Does any of this resonate with you?

Whether it is a fear of failure or a fear of success you face, you can overcome it.

Let’s look at six steps that will help you overcome your own fear of success. 

6 Steps to Overcome the Fear of Success

There are 6 steps I have been using since the start of 2013 to help myself overcome my own fears of success. They are described and listed below.

1. Recognize fear of success in myself

Your fear of success is a mindset issue and a self-talk issue. To fix a problem, you need to first acknowledge there is a problem. Writing down your thoughts in a journal helps you see what you are up against. Ask yourself the following questions:

  • What are my goals? How will I know I have succeeded? Where am I now? (assuming you don’t have written goals already)
  • Where am I procrastinating towards my goal(s)?
  • What resources do I keep diverting away from achieving success?
  • What are actions I stop short of completing never to return to them?
  • What am I pretending not to know about my own fear of success/failure?

It’s just you and your journal. No one is going to judge you for what you write down. You may be tempted to write what you think others expect you to say. If you lie in your journal to yourself, you’re only cheating yourself.

2. Get accountability from a group of trusted advisors.

Having a small group of trusted people who are encouraging, yet also have the ability to be candid, will keep you focused on my desired success. The biggest, and most important, ingredient in having accountability is that you must be open to the accountability in the first place. The maximum range for an excuse with this group needs to be 0.0 meters. They must know this, and you must honor it from the beginning.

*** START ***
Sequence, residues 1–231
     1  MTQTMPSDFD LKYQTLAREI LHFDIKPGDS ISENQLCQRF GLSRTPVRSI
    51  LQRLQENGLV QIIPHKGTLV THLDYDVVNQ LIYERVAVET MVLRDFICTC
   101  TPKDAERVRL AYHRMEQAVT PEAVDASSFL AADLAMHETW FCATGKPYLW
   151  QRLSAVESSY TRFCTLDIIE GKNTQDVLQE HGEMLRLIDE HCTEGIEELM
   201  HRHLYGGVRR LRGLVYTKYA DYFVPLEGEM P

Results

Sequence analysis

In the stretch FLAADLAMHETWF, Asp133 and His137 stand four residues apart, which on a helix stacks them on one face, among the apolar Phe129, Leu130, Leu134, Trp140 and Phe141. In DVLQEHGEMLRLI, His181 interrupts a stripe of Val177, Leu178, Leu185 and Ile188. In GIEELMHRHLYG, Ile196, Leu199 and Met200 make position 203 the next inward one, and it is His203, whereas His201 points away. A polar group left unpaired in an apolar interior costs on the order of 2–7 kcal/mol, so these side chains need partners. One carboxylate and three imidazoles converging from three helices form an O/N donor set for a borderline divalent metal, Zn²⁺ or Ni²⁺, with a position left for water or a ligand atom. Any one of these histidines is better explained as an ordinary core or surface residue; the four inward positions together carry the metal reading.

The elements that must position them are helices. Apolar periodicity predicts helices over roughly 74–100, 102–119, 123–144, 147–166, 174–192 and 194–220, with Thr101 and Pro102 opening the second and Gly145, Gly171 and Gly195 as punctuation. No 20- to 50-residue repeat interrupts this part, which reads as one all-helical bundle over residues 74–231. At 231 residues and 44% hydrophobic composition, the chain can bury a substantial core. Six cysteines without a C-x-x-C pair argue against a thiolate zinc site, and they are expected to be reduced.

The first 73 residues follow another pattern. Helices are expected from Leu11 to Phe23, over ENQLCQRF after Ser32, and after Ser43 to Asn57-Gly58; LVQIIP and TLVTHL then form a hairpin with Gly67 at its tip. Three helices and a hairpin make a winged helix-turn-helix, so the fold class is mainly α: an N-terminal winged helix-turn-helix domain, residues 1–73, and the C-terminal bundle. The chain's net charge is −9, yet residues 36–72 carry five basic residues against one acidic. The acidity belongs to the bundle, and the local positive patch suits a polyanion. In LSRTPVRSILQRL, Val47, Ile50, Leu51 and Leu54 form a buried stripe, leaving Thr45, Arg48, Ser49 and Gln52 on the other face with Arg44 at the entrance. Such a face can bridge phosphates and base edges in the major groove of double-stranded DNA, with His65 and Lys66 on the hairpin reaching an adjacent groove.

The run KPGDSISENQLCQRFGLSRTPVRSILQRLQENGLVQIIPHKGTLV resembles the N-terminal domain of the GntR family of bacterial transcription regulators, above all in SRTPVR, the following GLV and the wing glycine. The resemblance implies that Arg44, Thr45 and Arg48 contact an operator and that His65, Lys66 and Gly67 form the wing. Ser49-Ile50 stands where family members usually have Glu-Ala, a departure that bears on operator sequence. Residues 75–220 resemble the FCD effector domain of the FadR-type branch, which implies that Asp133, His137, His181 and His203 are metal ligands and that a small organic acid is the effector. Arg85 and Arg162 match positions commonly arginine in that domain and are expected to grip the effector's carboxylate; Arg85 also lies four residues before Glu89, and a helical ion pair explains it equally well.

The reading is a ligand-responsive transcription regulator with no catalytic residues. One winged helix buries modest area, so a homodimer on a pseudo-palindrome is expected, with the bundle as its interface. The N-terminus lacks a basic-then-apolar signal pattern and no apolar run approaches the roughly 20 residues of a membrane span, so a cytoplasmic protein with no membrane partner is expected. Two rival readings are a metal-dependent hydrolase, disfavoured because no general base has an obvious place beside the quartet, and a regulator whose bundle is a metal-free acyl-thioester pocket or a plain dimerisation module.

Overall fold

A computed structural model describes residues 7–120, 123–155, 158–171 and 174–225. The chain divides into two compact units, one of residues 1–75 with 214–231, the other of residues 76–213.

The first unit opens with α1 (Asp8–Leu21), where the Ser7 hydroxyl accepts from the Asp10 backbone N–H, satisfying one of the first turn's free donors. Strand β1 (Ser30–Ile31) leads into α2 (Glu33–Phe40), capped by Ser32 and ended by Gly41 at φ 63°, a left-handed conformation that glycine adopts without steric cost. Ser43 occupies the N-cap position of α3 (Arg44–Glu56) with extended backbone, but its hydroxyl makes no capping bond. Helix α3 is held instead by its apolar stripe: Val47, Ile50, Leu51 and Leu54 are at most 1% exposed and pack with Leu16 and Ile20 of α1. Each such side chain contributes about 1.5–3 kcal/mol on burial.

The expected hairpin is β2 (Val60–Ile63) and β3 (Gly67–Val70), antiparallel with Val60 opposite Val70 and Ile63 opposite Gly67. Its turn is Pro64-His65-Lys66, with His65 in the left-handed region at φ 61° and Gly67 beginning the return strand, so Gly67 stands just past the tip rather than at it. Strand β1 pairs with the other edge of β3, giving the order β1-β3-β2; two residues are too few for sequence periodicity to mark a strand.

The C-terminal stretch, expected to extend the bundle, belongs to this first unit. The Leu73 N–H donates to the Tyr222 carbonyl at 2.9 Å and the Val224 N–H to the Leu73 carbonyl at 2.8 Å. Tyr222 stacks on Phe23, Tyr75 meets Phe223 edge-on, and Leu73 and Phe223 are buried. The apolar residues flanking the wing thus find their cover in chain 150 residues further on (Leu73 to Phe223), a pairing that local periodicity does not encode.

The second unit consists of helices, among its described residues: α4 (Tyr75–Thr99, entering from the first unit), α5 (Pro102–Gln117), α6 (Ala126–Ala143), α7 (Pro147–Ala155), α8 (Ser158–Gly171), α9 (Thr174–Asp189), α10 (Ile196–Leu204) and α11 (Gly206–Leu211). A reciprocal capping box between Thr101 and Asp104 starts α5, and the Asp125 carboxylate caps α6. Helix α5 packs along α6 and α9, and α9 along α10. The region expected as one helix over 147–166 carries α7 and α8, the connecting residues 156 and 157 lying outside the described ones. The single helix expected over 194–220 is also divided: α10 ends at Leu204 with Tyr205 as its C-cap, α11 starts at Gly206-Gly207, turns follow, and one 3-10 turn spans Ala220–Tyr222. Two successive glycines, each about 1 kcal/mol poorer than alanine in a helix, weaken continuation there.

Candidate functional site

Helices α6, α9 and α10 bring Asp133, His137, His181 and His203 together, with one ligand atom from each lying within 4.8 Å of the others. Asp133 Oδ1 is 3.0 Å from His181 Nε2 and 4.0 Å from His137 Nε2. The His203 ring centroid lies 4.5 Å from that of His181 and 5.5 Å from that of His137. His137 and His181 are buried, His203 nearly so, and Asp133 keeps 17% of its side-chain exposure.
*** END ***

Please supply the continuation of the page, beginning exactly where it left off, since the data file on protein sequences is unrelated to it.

I seek accountability from three sources: (1) my wife, (2) the Lima Charlie Network (and now they know, I suppose) (3) and the Christian Podcasters Association Gold Membership program which includes a biweekly group coaching session with somewhat of a mastermind approach. 

3. Immediately address and change the self-talk in your mind to set yourself up for success

Take the positive feedback and suggestions from your accountability group, and rewrite the self-talk in your head. It took time to write negative self-talk into yourself, and it will take time to rewrite your mindset. It helps to have accountability partners who will keep you on track, or course correct you.

4. Give yourself the challenge to take “one more step”

Bil Cornelius once said, “When you fail to handle one problem, it multiplies (Cornelius, 2010.)” 

In the same way, when you fail to take that next step, the likelihood of not being able to take subsequent steps also multiplies. The way to completing a journey is taking one step after another, so when faced with a fear of success, break milestones into less daunting steps and then agree to take the next “little” step. Seem simple? It is. The hard part is making the commitment to actually do something about that little step.

5. Achieve that next “one more step”

Nike said it best, “Just do it!” I say, “Just do one more!” With the fear of success, the temptation is to stop after the first milestone. Chances are there are multiple milestones awaiting you. Celebrate your win, then “Charlie Mike” (continue mission).

6. Repeat steps 2 through 5 until you reach that milestone of success and share your progress with your accountability partners

Success comes from doing the same simple steps consistently over and over and over. You build momentum this way and before you know it you have the success you’ve wanted and it seems to carry itself. I recommend you read Good to Great by Jim Collins about building flywheel momentum. Another great book is Atomic Habits by James Clear.

The journey is worth it, and the impact you will have on your success will change lives for generations. The world around you needs you to overcome your fear of success.

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This article was originally posted on Lima Charlie Network in April 2022.